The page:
How names inspired words?

How is a meaningful word formed? For example, how did a chair get its name [from Middle English, before that from Old French chaiere (or chaire which means ‘bishop’s throne,” and chaise meaning ‘chair’), which is from the Latin cathedra ‘seat’, in turn from Greek kathedra]. Yet, why did the Greeks call it “kathedra”? We do not know. In other words, we my know the origin of the word, but cannot find out the origin of the root word.

There are indeed words whose origin is very clear to us. These words were inspired by people. People who stood out did something, and often, these actions came to be known after their names.

“Eponymous” is the adjective to describe all the words derived from people. The word “eponymous” comes from the Greek adjective eponymous, which is itself from onyma, meaning “name.” Many eponyms are names of products, inventions or scientific discoveries coined after the person most closely associated with it. Example: macadam, guillotine, pasteurization. Other eponyms come from characters in fiction, mythology, pr geographical locations. Example: Rambo, hermaphrodite, marathon. Scientific terms have been created to honour a famous person or a friend. Think “watt” and “ohm”. What is interesting about eponyms is that they are words that came out of a deliberate naming process. These words did not evolve over a period of time.

Interesting eponyms

Here is a small list of eponyms: each has an interesting person behind its history!

  1. Bowdlerize: “remove offensive words or passages from a written work before publishing it.” From Thomas Bowdler (1754-1825) who published an edition of Shakespeare that left out such things as the porter scene in Macbeth. After this bowdlerization, women who had been disallowed to read the plays by their parents/husbands, were now free to read them.
  2. Boycott: “refuse to do business with someone.” From Charles C. Boycott (1832-1897), the Irish land agent. Boycott refused to conform to land reforms supported by the Irish Land League. The League then prevented Boycott from using stores, postal service and other places in the area. Today, boycotting is an important tool in campaigns against unjust rules and social conditions.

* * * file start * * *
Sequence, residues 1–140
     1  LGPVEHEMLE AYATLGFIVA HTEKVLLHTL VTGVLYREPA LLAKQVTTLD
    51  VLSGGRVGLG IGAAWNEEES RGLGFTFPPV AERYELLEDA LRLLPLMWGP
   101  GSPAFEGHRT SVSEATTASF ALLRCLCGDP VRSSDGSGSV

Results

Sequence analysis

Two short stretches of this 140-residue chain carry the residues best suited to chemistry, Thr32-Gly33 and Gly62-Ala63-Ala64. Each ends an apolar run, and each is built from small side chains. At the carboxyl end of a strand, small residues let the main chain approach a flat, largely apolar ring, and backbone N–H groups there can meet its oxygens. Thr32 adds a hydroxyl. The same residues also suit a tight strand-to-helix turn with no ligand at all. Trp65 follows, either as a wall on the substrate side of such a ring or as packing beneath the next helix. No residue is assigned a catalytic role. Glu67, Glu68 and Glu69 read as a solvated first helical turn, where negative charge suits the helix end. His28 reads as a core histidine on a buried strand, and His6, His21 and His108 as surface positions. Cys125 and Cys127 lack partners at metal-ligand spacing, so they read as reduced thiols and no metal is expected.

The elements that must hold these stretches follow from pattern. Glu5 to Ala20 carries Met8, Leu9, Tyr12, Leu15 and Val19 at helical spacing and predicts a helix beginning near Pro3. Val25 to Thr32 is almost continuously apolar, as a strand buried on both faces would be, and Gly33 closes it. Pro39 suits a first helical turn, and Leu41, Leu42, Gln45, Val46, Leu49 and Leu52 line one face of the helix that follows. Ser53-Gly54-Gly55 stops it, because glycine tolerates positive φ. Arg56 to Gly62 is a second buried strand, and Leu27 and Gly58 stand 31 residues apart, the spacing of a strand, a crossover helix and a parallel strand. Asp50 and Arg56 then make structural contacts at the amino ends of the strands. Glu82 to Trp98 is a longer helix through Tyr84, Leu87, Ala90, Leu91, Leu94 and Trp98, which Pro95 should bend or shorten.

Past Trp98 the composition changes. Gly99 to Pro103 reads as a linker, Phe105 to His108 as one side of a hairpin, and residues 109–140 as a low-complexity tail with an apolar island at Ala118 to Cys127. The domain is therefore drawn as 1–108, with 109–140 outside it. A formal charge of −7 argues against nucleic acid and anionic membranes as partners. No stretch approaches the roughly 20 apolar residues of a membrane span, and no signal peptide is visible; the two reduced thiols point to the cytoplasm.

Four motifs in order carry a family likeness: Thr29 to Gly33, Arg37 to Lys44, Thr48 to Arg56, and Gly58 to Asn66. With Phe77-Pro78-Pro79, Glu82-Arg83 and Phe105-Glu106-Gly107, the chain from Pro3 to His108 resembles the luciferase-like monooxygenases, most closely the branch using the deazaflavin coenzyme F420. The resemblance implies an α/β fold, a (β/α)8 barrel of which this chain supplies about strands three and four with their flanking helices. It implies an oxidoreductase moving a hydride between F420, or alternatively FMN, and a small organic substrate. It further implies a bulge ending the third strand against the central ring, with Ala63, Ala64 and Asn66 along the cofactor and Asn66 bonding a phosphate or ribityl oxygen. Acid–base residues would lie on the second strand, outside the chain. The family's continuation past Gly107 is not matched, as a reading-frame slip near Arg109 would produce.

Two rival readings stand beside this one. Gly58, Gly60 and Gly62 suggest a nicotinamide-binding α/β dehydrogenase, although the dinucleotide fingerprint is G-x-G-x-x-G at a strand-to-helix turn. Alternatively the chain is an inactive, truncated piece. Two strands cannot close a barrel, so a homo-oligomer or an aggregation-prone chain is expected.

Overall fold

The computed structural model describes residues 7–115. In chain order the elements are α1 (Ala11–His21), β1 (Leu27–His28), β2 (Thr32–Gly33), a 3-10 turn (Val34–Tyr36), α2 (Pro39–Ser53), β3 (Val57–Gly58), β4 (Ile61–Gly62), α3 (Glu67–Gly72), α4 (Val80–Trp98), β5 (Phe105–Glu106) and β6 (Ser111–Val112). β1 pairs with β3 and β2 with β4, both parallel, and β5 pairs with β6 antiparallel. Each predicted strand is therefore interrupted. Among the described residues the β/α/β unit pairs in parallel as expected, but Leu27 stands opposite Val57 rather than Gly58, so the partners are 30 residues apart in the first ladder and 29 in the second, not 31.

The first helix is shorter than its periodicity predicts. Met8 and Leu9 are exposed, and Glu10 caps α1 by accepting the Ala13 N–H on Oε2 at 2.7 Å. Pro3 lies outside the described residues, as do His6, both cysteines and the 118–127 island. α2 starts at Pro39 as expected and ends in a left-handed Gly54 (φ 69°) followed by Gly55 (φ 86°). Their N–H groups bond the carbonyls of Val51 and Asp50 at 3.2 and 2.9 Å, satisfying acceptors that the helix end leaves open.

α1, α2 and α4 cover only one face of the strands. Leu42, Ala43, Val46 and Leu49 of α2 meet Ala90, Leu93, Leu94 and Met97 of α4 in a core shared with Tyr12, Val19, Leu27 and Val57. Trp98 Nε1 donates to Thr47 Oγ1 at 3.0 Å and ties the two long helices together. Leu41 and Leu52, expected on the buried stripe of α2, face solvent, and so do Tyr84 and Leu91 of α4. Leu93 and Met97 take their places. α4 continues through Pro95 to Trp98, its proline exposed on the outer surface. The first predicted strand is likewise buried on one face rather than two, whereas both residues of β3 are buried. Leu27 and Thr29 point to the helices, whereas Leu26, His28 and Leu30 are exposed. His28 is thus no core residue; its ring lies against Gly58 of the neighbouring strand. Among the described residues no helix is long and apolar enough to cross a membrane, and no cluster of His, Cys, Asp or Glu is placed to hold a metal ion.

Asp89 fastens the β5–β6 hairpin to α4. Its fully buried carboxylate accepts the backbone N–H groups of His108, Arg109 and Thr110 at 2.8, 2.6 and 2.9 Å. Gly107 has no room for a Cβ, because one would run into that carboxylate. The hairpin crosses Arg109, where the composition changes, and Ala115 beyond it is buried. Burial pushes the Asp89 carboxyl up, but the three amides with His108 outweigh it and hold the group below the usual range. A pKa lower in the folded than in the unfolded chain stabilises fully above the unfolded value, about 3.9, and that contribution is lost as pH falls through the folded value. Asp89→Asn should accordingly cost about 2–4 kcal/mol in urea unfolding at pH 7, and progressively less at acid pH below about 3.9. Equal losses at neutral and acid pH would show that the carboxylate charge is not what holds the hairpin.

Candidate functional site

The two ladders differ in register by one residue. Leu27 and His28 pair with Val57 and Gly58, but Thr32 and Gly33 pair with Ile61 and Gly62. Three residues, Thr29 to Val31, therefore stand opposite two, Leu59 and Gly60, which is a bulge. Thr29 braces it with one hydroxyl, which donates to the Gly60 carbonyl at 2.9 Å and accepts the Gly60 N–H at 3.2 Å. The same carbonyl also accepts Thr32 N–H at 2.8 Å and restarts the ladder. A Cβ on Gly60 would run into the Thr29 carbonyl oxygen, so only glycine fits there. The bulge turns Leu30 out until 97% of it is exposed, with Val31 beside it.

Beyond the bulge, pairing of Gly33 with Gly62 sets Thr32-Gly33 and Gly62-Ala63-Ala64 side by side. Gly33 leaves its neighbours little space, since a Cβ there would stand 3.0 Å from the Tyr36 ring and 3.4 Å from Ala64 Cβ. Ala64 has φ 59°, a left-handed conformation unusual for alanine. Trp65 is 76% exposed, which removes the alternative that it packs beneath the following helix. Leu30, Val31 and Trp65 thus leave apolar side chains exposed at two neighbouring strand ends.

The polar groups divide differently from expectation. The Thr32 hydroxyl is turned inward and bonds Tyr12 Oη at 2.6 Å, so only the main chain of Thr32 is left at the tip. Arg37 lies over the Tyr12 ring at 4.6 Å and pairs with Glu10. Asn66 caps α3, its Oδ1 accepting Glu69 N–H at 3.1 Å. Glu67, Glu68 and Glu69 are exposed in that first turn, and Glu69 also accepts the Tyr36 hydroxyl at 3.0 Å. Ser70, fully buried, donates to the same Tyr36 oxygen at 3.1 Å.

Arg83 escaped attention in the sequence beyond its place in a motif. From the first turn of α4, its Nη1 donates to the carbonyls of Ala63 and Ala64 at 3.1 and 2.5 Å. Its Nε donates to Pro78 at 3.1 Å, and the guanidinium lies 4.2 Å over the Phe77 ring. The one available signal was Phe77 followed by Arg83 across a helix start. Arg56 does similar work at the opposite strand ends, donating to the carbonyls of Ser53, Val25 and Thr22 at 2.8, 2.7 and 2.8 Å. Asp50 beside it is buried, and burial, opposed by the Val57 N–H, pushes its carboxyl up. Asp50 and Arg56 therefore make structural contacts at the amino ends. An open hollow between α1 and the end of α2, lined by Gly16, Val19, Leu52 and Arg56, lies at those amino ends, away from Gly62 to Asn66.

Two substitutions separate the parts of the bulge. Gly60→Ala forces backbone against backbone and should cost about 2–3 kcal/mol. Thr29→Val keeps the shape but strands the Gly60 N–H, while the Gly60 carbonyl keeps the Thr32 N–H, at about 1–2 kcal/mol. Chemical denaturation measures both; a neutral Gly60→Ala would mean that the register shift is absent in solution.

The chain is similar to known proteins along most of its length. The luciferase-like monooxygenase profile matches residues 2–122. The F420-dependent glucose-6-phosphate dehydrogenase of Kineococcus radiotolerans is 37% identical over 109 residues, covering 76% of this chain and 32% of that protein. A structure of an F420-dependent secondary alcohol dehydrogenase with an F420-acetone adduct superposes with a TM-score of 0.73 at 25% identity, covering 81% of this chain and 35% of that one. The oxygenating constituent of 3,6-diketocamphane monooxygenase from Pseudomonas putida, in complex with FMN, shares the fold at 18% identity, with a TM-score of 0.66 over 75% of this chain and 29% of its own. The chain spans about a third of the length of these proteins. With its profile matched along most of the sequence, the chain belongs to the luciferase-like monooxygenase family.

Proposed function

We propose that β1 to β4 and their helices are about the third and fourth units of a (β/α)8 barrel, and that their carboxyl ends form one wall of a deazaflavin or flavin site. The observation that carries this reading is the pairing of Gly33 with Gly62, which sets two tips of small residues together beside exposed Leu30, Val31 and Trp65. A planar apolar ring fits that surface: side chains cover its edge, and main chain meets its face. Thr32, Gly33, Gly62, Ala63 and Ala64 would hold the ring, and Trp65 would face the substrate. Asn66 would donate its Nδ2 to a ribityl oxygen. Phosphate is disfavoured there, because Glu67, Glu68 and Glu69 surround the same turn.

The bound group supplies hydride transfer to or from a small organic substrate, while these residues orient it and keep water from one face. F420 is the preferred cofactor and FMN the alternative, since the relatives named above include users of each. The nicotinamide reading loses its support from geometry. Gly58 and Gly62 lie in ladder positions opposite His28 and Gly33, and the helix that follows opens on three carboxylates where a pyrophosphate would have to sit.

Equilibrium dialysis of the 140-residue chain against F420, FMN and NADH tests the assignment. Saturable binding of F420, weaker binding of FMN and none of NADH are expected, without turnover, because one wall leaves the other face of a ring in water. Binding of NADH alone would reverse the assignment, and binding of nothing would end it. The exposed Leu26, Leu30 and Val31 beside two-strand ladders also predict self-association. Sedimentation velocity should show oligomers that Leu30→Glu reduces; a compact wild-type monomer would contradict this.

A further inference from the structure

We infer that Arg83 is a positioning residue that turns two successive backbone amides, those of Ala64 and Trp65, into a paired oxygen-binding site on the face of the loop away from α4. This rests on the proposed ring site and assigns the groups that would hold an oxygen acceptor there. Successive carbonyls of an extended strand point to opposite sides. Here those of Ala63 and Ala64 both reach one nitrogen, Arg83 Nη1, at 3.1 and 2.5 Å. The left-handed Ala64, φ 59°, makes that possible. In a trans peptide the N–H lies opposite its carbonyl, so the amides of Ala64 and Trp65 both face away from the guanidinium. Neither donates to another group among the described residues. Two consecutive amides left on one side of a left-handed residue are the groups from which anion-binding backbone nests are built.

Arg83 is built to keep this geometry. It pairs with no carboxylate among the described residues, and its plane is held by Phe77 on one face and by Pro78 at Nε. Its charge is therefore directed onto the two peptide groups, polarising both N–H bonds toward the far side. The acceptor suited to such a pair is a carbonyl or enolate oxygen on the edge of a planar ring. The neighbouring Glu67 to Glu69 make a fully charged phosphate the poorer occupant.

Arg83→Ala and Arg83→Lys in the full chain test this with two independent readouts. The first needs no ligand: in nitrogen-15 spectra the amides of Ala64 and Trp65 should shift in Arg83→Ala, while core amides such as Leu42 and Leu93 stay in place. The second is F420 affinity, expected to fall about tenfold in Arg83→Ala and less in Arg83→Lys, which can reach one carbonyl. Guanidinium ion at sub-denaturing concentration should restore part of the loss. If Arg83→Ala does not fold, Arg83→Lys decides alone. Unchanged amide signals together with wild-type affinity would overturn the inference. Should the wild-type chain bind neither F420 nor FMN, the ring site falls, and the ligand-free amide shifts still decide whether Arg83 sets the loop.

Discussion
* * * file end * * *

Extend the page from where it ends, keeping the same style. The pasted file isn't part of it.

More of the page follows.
3. Cardigan: “style of swaeter that opens at the front.” From James Thomas Brudenell, 7th Earl of Cardigan. He was one of the commanders in the field on the day of the fatal Charge of the Light Brigade in the Crimean War. He wore a knitted waistcoat to keep warm during military campaigns.
  4. Lynch: “Lynching” once meant any kind of on-the-spot punishment without trial, through flogging. Today it means to beat someone in a mob frenzy without a trial. From William Lynch, the author of “Lynch’s Law.” The “law” was an agreement with the Virginia General Assembly in 1782 that allowed Lynch to capture and punish criminals in Pittsylvania County without trial. The country had no official courts.
  5. Machiavellian: “characterized by expediency, self-interest, and deceit.” From Niccolo Machiavelli (1469-1527) who wrote The Prince (1531), a book on political theory. In it, Machiavelli argues that the most effective for men and governments to achieve and maintain power is to act smartly without worrying about moral considerations.
  6. Mirandize: “to read the legal rights to a suspect arrested on a criminal charge.” From Ernesto A. Miranda (1941-1976), a labourer whose conviction on kidnapping and armed robbery was overturned because arresting officers had failed to inform him of his legal rights.
  7. Oscar: “statuette awarded for excellence in film acting, directing, etc., giving annually since, 1928 by the Academy of Motion Picture Arts and Sciences.” The name “Oscar” was first applied to the statuette in 1936. The story: Margaret Herrick, the Academy’s librarian, took a look at the first statuette and said: “He reminds me of my Uncle Oscar!” her uncle was Oscar Pierce, wheat farmer and fruit grower, and the statuette was named Oscar.
  8. Wellingtons: “waterproof boots of rubber or sometimes leather reaching to below the knee and worn in wet or muddy conditions.” Named for Arthur, 1st Duke of Wellington (1769-1852), who had many things named after him. These included a style of coat, hat, and trousers as well as varieties of apple and pine trees.


Picture Credit : Google